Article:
Asanko gold continues lower

Asanko Gold (AKG) is falling again, the price went down to .87 August 3 without any company-specific news. In this article I will try to reconstruct why the company’s share price is cratering, building on my previous article: Why Asanko Gold Is Crashing, while adding fresh data as the stock dove another 50% since that article was written.

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This article will be composed of three parts: in the first we will shortly describe what Asanko is and what are they doing. In the second half we will assess what the short side is saying about the company’s business and what happened in the last 3 months. In the final part I will synthesize it all make an educated guess about how this story will unfold.

Asanko Gold

Asanko Gold is in the business of mining gold in Western Ghana and is a development-stage gold miner that began commercial operations at its namesake Asanko Gold Mine in April 2016. In 2017, it was expected to produce an estimated 230,000 to 240,000 oz Au, recently revised down to 205-225’000 oz in the most recent guidance.

The business plan stated that there would be a sequence of pits that would be mined, starting with the Nkran Pit before moving to satellite deposits like Akwasiso in 2017 and Dynamite Hill in 2018 and to the two big Esaase pits in 2019.

Map with the different pits (June 2017 Corporate Presentation).

However, technical and economical issues arose through being ahead in the mining of the ore rich part of the Nkran pit, while being behind with the waste rock disposal.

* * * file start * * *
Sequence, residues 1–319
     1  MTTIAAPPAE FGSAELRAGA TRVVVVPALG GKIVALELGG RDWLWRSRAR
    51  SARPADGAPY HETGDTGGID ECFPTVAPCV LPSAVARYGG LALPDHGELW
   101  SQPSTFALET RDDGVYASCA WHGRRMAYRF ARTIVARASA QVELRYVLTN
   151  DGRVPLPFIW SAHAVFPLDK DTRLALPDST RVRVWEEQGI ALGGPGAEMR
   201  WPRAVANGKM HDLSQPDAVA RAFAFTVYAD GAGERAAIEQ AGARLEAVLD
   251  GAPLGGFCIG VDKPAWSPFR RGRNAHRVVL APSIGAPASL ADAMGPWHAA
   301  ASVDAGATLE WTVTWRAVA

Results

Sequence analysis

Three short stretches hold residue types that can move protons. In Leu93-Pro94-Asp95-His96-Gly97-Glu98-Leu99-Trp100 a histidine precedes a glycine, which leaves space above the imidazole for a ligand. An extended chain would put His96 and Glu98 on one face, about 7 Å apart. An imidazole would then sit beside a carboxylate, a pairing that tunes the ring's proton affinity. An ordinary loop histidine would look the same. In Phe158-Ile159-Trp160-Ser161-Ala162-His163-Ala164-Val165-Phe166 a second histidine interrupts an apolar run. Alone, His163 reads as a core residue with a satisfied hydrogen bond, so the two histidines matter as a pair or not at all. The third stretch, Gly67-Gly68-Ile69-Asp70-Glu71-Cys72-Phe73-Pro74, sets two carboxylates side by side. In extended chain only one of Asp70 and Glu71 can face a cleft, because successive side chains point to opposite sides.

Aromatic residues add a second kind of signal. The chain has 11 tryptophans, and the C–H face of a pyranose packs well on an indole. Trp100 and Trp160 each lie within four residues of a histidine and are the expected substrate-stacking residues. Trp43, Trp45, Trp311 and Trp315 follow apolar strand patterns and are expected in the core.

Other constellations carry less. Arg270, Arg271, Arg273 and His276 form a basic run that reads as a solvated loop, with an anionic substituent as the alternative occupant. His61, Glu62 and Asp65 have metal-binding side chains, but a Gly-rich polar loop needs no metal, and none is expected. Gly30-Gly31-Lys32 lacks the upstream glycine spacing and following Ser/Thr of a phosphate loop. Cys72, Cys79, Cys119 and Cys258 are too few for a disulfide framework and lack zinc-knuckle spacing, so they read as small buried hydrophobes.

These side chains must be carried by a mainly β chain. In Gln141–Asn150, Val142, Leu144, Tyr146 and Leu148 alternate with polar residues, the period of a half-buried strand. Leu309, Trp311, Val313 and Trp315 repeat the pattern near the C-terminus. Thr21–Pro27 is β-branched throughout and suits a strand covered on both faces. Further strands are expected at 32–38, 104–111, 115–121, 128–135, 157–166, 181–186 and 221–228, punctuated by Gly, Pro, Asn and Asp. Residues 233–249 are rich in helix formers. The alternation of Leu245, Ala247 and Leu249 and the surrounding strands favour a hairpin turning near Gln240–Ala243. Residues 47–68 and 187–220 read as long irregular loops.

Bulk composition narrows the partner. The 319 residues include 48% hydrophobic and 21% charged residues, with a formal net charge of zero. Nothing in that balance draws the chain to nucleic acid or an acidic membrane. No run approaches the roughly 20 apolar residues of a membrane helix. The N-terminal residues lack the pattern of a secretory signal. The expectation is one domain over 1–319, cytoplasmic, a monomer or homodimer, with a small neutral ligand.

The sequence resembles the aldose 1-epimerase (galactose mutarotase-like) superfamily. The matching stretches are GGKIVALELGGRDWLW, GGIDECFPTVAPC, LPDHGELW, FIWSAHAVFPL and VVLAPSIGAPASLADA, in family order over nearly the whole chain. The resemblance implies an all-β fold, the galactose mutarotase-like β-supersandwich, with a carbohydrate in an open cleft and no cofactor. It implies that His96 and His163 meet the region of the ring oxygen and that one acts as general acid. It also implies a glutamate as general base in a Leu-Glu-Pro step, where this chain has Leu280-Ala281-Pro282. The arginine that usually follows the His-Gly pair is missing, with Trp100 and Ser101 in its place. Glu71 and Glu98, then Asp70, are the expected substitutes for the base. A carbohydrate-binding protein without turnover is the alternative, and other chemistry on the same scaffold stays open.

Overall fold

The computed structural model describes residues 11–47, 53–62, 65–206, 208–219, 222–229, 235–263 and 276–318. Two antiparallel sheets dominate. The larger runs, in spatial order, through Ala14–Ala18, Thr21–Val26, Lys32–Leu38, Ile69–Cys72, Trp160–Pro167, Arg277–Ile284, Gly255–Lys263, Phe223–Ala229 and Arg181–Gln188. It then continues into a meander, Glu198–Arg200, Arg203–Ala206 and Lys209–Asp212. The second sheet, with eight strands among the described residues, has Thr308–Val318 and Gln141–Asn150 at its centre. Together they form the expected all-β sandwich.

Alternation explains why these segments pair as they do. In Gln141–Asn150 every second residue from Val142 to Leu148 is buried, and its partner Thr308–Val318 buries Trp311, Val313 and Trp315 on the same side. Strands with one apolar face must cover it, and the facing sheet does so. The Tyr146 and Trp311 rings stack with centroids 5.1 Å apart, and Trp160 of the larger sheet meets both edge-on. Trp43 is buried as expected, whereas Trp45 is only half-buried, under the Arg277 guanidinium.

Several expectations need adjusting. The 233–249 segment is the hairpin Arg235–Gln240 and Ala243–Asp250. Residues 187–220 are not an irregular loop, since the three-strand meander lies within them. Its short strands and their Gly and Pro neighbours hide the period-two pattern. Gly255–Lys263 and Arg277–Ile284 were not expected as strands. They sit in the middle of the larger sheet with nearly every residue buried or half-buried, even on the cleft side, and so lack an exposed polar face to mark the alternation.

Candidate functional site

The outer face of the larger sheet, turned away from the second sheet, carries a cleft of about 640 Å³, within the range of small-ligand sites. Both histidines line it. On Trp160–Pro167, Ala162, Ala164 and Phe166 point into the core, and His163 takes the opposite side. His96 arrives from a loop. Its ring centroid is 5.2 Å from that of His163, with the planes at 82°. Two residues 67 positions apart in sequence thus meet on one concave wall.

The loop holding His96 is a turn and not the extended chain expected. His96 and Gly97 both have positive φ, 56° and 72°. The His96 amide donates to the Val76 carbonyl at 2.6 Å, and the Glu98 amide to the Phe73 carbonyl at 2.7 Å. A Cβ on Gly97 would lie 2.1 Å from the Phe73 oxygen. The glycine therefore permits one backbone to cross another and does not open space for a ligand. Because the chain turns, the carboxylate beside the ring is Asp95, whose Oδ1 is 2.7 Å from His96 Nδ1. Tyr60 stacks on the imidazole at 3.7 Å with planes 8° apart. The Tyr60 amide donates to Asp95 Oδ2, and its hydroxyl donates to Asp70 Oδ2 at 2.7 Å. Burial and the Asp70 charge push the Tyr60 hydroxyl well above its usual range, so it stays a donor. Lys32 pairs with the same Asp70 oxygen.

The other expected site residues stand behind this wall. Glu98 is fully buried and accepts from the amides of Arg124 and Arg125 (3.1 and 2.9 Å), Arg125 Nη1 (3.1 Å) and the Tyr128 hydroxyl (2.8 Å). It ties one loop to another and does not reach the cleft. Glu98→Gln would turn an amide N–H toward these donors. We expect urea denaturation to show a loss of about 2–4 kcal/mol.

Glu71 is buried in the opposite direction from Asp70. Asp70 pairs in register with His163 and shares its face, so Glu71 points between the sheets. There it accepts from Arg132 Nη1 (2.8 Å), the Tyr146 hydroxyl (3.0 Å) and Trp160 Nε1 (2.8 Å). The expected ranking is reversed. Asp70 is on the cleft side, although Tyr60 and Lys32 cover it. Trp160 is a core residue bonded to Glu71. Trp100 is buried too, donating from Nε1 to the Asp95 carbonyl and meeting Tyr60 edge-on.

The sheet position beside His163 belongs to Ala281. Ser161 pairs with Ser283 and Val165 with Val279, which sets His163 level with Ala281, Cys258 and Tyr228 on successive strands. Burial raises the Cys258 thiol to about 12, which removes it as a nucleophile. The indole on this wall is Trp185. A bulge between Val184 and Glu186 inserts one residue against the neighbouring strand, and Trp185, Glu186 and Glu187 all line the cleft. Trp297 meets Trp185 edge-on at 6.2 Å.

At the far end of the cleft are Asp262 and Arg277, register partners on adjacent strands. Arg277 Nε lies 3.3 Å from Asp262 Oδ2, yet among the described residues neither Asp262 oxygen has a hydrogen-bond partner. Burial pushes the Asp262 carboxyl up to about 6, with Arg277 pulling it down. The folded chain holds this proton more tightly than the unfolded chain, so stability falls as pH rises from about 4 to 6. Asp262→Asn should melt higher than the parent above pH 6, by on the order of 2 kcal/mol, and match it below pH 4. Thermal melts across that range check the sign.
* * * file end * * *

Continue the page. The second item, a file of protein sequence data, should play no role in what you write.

The company is using new models and technologies in order to improve the model-mining reconciliations and is using blast movement technology to identify ore losses and dilution. Blast movement resulting in higher than planned dilution are being blamed for the lower grades and ore losses. I salute management for trying to find solutions and wish them the best. In the meantime let’s review what the short side has to say about this company.

Shorts position and most recent developments

The two short theses for Asanko are the ones expounded by Muddy Waters and by K2 and Associates.

K2 and associates is a Toronto-based hedge fund that has been shorting Asanko since June 2016, when it was still around $4.40. It seems that the main reason for K2 to start shorting Asanko was the fact that its gold resources were overinflated. This applies specifically to its Nkran deposit, which Asanko acquired from Resolute Mining Ltd in 2014.

K2 published a compelling 33 page report and the arguments brought forward were reiterated by K2 in this article from last February here on Seeking Alpha. The report provided some interesting satellite images showing how the company was mining ahead of the feasibility study and the collapse of a part of the western flank of the Nkran Pit. K2 goes at length, using review of historical drilling and technical work, Asanko’s disclosure and guidance, to demonstrate how the company’s mine performance at Nkran has produced less gold from reserves compared to its Definitive Project Plan feasibility study. It also incorporates data from Resolute Mining’s previous experience with mining the orebody.